ForNext, For, Delegate, Lamba Performance for x86 and x64

I have often changed fornext statements to lambda notation when prompted by code analysis tools. Every time that I did the change, I asked myself “I need to verify that this is the correct choice in terms of performance”. I assumed that it is because Microsoft had been trying to improve performance (which it did with XDocument being twice as fast as XmlDocument, which I documented in an earlier blog). I created a simple collection of different ways of walking an enumeration, with some very interesting results.

 

Compiled for x86 explicitly

Method Best Time x86 DATA  
No Op   1.95 0 0 0 0
Ienumerate: foreach/var 16.6 16.6 17.58 19.53 18.55 16.6
Ienumerate: foreach/typed 16.6 17.6 18.55 18.55 16.6 16.6
Array: for i 7.81 7.81 8.79 7.81 8.79 7.81
Array: foreach/var 7.81 7.81 8.79 7.81 7.81 7.81
Array: Array.ForEach (delegate) 6.84 7.81 7.81 6.84 8.79 7.81
Array: Array.ForEach (lamda) 6.84 7.81 11.72 6.84 7.81 7.81

 

I then compiled for x64 explicitly and had a shock…

 

Method Best Time x64 DATA  
No Op   1.95 0 0 0 0
Ienumerate: foreach/var 19.53 45.9 22.46 19.53 20.51 20.51
Ienumerate: foreach/typed 18.55 21.5 19.53 18.55 20.51 21.48
Array: for i 10.74 12.7 10.74 12.7 12.7 13.67
Array: foreach/var 9.77 11.7 9.77 10.74 11.72 14.64
Array: Array.ForEach (delegate) 8.79 9.77 8.79 8.79 8.79 11.72
Array: Array.ForEach (lamda) 7.81 9.77 7.81 8.79 9.77 9.77

x64 was not faster, but slower than x86. This is different then with C++ and suggests that the CLR 64 bit implementation has some significant short coming still.

 

So what is the bottom line:

  • if practical use arrays and not iEnumerable (collections, lists etc)
  • use Array.ForEach, lamda notation appears to match the best performance.

I confirmed my assumption that using Lambda notation was the right choice; but blew the assumption that x64 performed better than x86 out of the water. In short, compiling for x64 seems to be a political promise that is a political promise……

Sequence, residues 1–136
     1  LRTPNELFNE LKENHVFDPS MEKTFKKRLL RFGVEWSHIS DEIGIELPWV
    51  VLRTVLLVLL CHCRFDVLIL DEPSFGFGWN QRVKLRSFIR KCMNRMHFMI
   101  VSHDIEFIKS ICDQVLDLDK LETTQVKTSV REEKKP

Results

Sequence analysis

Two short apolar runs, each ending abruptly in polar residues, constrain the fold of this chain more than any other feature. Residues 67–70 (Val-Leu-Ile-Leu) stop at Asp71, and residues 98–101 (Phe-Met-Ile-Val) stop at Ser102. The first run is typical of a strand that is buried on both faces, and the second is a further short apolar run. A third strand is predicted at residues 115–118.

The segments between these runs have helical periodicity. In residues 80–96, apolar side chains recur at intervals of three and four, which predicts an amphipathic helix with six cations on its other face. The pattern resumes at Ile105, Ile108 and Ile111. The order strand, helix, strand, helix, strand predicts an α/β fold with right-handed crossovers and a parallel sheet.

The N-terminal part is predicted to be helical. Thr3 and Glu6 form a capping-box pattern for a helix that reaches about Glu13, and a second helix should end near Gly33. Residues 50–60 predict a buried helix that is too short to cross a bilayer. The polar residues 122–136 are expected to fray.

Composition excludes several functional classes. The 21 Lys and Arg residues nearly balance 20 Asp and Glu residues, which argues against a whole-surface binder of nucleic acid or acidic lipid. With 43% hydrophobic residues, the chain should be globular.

The code for folks that wish to replicate my experiment. I loaded a large Xml file to provide a big enumeration.

 

if (xmlFile.Exists)
{
    XDocument doc = XDocument.Load(xmlFile.FullName);
    IEnumerable<XElement> enumerable = doc.Descendants();
    XElement[] asList = enumerable.ToArray();
    for (int repeat = 0; repeat < 5; repeat++)
    for (int pattern = 0; pattern < 7; pattern++)
    {
        int cnt = 0;
        DateTime start = DateTime.Now;
        switch (pattern)
        {

            case 1:
                foreach (var item in enumerable)
                {
                    if (item.Name.LocalName.Length > 0)
                        cnt++;
                }
                break;
            case 2:
                foreach (XElement item in enumerable)
                {
                    if (item.Name.LocalName.Length > 0)
                        cnt++;
                }
                break;
            case 3:
                for (int i = 0; i < asList.Length; i++)
                {
                    if (asList[i].Name.LocalName.Length > 0)
                        cnt++;
                }
                break;
            case 4:
                foreach (XElement item in asList)
                {
                    if (item.Name.LocalName.Length > 0)
                        cnt++;
                }
                break;
            case 5:
                Array.ForEach(asList,
             delegate(XElement item)
             {
                 if (item.Name.LocalName.Length > 0)
                     cnt++;
             });
                break;
            case 6:
                Array.ForEach(asList, item =>
                {
                    if (item.Name.LocalName.Length > 0)
                        cnt++;
                });
                break;
            default:
                break;
        }
        DateTime end = DateTime.Now;
        TimeSpan elapse = end - start;
        Console.WriteLine(String.Format("{0} msec for {1} elements. Pattern:{2}", elapse.TotalMilliseconds, cnt, pattern));
    }
}

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